FDA Grants FDA Fast Track Designation for Erasca’s ERAS-801 in Patients with Glioblastoma
May 1, 2023
Rare Daily Staff
The U. S. Food and Drug Administration granted Fast Track designation to Erasca’s ERAS-801 for the treatment of adult patients with glioblastoma with epidermal growth factor receptor (EGFR) gene alterations.
Glioblastoma (GBM) is an aggressive malignancy with high rates of relapse and a five-year survival rate below 10 percent. While over half of GBM cases are driven by EGFR alterations and/or amplifications, there are no approved EGFR inhibitors for the treatment of GBM due to the lack of sufficient brain penetration to treat primary brain tumors as well as lack of activity against EGFR alterations observed in GBM.
ERAS-801, an orally bioavailable, small molecule EGFR inhibitor, was specifically designed to have high CNS penetration and broad activity against both oncogenic and wildtype EGFR.
“Receiving Fast Track designation from the FDA underscores the serious unmet medical need in patients with GBM and reinforces the promise that ERAS-801 may offer as a differentiated treatment option,” said Jonathan Lim, chairman, CEO, and co-founder of Erasca. “We look forward to working closely with the FDA to expedite clinical development of ERAS-801 for these patients and anticipate reporting initial monotherapy data from the phase 1 THUNDERBBOLT-1 trial in recurrent GBM (rGBM) in the second half of 2023.”
Fast Track designation is designed to help drugs reach patients faster by facilitating the development and expediting the review of drugs with the potential to fill an unmet medical need by treating a serious or life-threatening condition. Programs that receive FTD benefit from early and frequent interactions with the FDA during the clinical development process and, if relevant criteria are met, the FDA may consider reviewing portions of a marketing application before the sponsor submits the complete application.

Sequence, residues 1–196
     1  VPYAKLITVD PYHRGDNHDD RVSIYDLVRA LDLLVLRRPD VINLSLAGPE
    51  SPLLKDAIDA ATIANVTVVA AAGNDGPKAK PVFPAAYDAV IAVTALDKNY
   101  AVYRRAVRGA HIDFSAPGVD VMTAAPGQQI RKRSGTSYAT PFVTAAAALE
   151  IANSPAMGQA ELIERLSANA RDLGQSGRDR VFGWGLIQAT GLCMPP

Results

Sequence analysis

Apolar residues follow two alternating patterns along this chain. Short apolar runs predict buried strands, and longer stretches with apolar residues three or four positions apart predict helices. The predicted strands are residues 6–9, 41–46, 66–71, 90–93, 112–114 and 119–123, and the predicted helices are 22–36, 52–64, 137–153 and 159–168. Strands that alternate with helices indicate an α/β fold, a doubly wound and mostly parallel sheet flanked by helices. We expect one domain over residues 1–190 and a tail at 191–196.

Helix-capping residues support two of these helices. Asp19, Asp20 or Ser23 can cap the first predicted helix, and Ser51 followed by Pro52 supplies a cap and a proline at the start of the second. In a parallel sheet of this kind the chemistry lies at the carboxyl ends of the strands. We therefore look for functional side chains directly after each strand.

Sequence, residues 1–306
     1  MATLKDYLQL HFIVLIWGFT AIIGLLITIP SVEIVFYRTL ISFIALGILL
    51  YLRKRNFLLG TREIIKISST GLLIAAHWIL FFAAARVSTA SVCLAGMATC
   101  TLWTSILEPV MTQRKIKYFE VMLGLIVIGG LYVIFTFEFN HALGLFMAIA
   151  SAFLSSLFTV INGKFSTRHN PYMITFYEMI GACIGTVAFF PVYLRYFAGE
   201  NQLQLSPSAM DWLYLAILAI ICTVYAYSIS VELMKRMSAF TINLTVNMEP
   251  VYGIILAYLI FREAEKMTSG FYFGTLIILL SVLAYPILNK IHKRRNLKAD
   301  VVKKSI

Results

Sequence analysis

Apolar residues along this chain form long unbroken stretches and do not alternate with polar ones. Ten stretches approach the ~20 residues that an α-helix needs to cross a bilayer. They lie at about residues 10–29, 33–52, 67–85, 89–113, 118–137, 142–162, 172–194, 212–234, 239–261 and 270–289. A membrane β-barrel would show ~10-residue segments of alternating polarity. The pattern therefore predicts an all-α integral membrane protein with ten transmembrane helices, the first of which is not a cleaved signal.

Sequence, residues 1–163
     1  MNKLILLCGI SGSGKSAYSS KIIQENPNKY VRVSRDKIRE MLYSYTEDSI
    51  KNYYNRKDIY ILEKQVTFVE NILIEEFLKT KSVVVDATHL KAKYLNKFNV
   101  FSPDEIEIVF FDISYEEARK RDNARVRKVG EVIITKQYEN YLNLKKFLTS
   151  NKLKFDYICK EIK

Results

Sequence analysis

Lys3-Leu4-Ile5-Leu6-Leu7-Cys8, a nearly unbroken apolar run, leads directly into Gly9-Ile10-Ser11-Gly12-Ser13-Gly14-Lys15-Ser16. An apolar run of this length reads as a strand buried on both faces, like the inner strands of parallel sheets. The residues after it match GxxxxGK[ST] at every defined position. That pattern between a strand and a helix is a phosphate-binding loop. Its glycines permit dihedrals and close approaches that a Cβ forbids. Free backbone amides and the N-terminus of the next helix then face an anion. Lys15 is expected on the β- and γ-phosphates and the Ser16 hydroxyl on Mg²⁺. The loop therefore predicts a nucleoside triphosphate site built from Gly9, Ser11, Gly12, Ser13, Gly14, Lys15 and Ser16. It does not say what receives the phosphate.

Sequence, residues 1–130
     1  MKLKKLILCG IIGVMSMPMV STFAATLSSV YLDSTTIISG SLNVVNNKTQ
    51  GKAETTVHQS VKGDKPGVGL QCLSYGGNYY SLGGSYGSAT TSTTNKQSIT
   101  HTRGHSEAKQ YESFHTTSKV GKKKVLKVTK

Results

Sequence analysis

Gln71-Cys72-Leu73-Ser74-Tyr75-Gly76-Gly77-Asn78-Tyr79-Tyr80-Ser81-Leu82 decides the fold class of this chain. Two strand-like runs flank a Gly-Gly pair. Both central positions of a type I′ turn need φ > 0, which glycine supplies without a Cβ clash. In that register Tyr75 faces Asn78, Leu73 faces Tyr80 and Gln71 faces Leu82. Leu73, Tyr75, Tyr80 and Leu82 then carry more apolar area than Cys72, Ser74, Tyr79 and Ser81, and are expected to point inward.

In animal models, ERAS-801 had a brain-to-plasma that was up to four times higher than approved EGFR inhibitors, suggesting that approximately 100 percent of the free drug in plasma is able to cross the blood-brain barrier.
At clinically relevant exposures across 30 patient-derived GBM models that are intended to represent the heterogeneity of GBM, ERAS-801 demonstrated a survival benefit in 13 out of 14 EGFR mutant and/or amplified models and had statistically significantly higher brain penetrance and prolonged survival compared to approved EGFR tyrosine kinase inhibitors. ERAS-801 is currently being evaluated as a monotherapy in THUNDERBBOLT-1, an ongoing phase 1 trial in patients with rGBM.
Photo: Jonathan Lim, chairman, CEO, and co-founder of Erasca
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